At first, all Thor could see was the darkness.
It swelled from amongst the stars, a velvet expanse of nothing. The black hole had grown in the years since Thor’s last—and only—visit: what had once appeared a simple sphere now seemed almost to surge and pulse as the Orlando navigated carefully closer, straining at the edges of gravity’s precarious containment. Miskandar’s once-stable orbit seemed to have decayed as well; now it quivered at the edge of the dead star’s event horizon like a hapless hiker dangling by fingertips above a plunging gulch.
They had been limping toward the dead star for the better part of two days, ever since a crewman had noticed the missing skiff. Skarra was gone, too, and with her, the crown. There was little question as to where she would be headed.
The question of whether the Orlando should follow had been less easily resolved. Even with Thor’s lightning to jump-start her engines, the ship was crippled, her navigation compromised and weapons all but destroyed. Most of her crew had survived the battle with Nihilator’s forces, but few had emerged intact; and those still able to man their posts were spread thin as they struggled to keep the foundering Orlando on course.
Thor had assumed pursuit to be a foregone conclusion, and he had been shocked and dismayed when Zia had initially refused. While the Orlando and her crew were no strangers to peril, Zia had taken these particular losses hard, particularly Nott. The ship herself was in dire need of repair. Even if she could be coaxed to Miskandar, there was no guarantee that she would make it back. In the end, it had taken Thor, Loki, and Horangi together to convince Zia to compromise: a brief stop at a nearby outpost, where the Orlando’s injured crew members could be sent to safety, and the ship herself patched up enough to survive the subsequent voyage. The gods weren’t happy about the detour, but on that point, Zia would bend for neither logic nor passion; so they had little choice but to concede.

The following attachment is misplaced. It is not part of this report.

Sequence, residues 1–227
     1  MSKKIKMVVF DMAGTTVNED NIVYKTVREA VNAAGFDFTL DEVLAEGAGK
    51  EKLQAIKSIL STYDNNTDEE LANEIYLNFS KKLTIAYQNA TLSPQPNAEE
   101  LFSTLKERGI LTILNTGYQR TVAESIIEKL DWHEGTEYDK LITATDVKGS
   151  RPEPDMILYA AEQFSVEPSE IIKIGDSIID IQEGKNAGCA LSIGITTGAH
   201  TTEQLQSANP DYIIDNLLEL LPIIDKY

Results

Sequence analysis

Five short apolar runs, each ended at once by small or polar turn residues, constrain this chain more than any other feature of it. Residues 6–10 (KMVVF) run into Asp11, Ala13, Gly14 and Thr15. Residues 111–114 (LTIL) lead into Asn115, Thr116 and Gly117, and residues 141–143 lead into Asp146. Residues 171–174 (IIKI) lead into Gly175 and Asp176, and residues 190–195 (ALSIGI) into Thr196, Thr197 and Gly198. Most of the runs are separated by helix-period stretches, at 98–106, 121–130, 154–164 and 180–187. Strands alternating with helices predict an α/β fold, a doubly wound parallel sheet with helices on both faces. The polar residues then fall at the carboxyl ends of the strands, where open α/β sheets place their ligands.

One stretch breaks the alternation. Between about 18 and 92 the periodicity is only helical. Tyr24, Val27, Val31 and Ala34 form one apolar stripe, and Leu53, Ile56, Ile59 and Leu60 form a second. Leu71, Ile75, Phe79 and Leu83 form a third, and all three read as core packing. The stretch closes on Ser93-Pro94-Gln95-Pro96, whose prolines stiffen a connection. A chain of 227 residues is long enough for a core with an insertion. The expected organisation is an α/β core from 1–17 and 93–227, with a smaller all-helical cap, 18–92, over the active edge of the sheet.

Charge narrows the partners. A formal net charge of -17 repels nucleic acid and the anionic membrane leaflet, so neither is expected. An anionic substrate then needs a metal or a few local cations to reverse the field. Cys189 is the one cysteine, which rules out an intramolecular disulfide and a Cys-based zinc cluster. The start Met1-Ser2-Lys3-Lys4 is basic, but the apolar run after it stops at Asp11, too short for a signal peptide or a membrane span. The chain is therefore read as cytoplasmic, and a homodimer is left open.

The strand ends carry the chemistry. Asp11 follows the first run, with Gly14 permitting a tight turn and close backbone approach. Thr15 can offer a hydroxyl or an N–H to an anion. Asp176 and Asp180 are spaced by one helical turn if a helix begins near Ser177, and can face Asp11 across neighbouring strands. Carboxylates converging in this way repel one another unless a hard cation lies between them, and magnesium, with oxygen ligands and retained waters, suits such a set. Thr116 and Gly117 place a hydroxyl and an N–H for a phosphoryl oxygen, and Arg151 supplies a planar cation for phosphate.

In any case, Zia pointed out, they could afford the delay. The skiff Skarra had taken was a short-range vessel, whose engines could cycle for only limited periods. Damaged as she was, the Orlando would be able to overtake it with relative ease. Furthermore, it was equipped with a tracking beacon: even if they were unable to stop Skarra en route, Zia was confident that they could follow the skiff to the planet’s surface and intercept her there.
For all that he had argued in its favor, Thor had his own concerns about returning to Miskandar. Indeed, ever since the armory, doubt had been a nigh-constant companion, dogging his heels and rising with every choice and crossroads. He confided none of this in his comrades. Had he tried, he was unsure he could even have articulated the nebulous fears that swarmed through his mind. Instead, he had retreated to the observatory where, accompanied only by his own disquietude, he sat and watched the darkness with rising dread.
Twisted monoliths jutted out of Miskandar’s fractured landscape like fingers stretching for the sky, as if something were clawing its way out from beneath the ruined avenues. The air thickened and roiled around them as they approached the surface. The skiff’s lights cut eerie beams through swirling miasma that seemed almost alive.
There was a noise, too: a muttering, discordant hum that clawed persistently at the edges of Thor’s attention. At first, he thought it was the skiff’s engine, but it grew louder the lower they sank, and he realized that it must be emanating from the planet itself.
No one spoke. Zia was at the helm, shoulders tense, knuckles white on the controls as they rode out the shockwaves of the storm and hunted for a safe landing site amid the wreckage. Next to Thor, Horangi sat tense as a coiled spring, flexing and retracting her claws. Finally, she broke the silence with the question that had been weighing on all of their minds: “What do we do when we find her?”
“I don’t know.” Zia’s voice was flat, and their eyes never left the controls. “We have to find her first.”
“And the crown,” Loki pointed out. Of their company, only he seemed relatively undisturbed, though Thor suspected his comparative nonchalance might have had less to do with indifference and more with the fact that Loki had unquestionably already devised a way out, or some kind of back-up plan. He had told Thor as much back on the Orlando; and for all that the last few days had clearly rattled Loki, Thor knew that his brother’s instinct for self-preservation ran far deeper than friendship or even blood.
If he were to make a play for the crown—Thor shuddered at the thought of Nihilator’s legion, hollowed out from within by the crown’s...